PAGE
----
Colorado Turkey Forecast

Colorado Turkey Forecast

Where will you hunt Merriam's and Rio Grande turkeys in Colorado this spring? Here's a jump-start to a successful public-land season. (April 2009)

My back hugged a thick cottonwood while a mature tom strutted some 50 yards away. Each time I sent him a chorus of love-tones, his chest would expand and his head would jerk with each tone of his gobble. For the next 20 minutes, I threw everything at him but the kitchen sink: yelps, clucks and purrs.

Twenty percent of Colorado hunters with an over-the-counter tag last year took a Rio or Merriam's turkey.
Photo by Brian K. Strickland.

But it looked like this "he-said, she-said" romance was about to be over. He was hung up, and there wasn't anything I could do about it. I guess after a few seasons under his belt, this smart old gobbler suspected something was up. All I could do was watch and listen.

But I wasn't complaining. How could I? Here I was hunting on some of Colorado's prime public ground, with an over-the-counter tag. I had just witnessed a king-of-spring heavyweight in all his puffed-up glory.

When winter's white begins to fade away and the lush green shoots reach to the sky, it's time to pattern the scattergun, dust off the decoys and break out your best set of camo. The turkeys are hot, and they're waiting for your best rendition of a love song on your box call.

With an expanding population of willing gobblers, the hard-working hunter is sure to get a crack at one this spring.

For Western hunters looking to hunt where turkey numbers are solid and have a public-land success rate around 25 percent, it's hard to beat Colorado, said National Wild Turkey Federation regional director Wayne Dickens. Because of his experience throughout Colorado's vast turkey range, as well as other states, Dickens has concluded that the only other Western state that could come close or match what Colorado has to offer is New Mexico. However, when it comes down to more opportunity, in more public places, Colorado is at the top of the food chain. (Continued)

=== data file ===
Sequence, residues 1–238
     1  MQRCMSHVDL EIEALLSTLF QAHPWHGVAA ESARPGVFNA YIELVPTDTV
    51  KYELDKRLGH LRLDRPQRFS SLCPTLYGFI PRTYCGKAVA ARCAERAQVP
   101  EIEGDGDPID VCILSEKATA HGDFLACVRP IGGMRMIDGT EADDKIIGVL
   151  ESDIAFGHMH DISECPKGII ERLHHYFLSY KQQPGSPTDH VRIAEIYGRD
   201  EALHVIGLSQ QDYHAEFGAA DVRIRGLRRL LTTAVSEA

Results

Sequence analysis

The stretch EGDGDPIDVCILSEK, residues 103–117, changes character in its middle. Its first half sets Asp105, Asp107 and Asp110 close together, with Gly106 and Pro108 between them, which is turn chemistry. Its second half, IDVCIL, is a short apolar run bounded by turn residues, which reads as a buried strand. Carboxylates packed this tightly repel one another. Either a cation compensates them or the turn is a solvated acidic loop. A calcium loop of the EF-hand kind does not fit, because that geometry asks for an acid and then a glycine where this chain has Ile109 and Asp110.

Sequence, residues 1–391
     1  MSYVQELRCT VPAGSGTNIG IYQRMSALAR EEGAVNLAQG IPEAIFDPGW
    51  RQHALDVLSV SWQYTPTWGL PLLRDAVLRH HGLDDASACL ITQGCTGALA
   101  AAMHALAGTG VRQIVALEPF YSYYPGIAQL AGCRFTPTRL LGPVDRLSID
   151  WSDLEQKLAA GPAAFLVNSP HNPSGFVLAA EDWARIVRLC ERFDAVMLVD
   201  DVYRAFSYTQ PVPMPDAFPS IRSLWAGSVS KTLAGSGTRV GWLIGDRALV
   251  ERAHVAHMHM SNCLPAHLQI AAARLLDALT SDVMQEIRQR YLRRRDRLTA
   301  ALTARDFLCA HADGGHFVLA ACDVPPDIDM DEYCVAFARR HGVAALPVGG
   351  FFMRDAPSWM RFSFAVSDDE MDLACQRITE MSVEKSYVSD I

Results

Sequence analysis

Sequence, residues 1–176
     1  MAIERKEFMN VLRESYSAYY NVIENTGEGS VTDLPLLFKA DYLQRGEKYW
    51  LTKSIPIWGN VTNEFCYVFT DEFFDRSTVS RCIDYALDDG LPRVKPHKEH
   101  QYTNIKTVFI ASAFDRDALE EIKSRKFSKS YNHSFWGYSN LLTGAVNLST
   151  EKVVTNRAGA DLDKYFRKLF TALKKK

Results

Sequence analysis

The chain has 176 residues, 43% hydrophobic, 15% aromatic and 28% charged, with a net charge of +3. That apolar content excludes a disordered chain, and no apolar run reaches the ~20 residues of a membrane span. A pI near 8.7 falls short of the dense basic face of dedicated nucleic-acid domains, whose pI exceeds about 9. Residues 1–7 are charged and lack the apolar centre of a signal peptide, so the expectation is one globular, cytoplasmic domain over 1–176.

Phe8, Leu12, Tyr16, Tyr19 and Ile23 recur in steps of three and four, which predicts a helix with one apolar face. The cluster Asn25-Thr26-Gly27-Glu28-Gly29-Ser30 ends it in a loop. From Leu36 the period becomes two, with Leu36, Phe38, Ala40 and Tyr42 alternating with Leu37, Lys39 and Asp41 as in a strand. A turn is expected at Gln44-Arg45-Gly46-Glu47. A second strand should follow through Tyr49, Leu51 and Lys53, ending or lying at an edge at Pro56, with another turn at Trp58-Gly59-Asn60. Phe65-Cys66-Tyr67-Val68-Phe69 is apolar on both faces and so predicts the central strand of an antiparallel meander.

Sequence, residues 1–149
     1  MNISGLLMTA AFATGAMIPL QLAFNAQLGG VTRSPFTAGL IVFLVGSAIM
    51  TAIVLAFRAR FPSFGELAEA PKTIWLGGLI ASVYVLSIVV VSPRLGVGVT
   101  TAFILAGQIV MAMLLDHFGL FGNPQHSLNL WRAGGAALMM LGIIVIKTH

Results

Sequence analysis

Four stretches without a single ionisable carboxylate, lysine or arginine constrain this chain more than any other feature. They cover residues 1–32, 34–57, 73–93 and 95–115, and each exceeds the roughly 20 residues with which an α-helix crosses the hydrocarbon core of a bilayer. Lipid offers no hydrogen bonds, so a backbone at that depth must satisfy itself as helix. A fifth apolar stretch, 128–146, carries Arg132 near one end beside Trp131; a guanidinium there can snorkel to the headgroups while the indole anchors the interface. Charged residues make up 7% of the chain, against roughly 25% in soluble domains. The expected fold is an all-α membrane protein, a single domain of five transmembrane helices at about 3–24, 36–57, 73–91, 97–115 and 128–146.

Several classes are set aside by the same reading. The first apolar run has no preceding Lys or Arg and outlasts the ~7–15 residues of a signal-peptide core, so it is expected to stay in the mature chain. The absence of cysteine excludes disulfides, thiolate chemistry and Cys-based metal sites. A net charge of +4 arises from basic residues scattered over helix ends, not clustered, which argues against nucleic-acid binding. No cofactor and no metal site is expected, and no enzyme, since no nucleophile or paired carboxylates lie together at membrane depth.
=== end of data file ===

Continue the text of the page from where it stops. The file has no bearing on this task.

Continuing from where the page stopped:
Guide Todd Weizdred of the High Lonesome Ranch said he's seen a huge increase in the number of turkeys the past few years.

"So much so, that the unit the ranch is located in (Unit 31) was opened as an over-the-counter unit last spring," he said.

Last spring was the first time they ever offered turkey hunting on the High Lonesome, and Weizdred reported success rates were over 80 percent with everyone having opportunities. Although he exclusively guides on the ranch, from what he's seen and heard, the public-land action is good in the unit as well.

"If a hunter is willing to work hard in this area, they will get into birds," Weizdred said.

This past spring more than 13,500 turkey hunters headed to the woods. The number the year before was about 12,000. Although there were more hunters in the field, more than 60 percent of them reported that they felt that they had plenty of elbowroom.

However, more importantly, 20 percent of the hunters with an over-the-counter tag in their pocket reported carrying out a bird. Those who were lucky enough to carry a limited tag had a success rate of 50 percent, and more than 80 percent of the birds were mature toms. In all, an estimated 2,500 toms fell to well-placed shots last spring.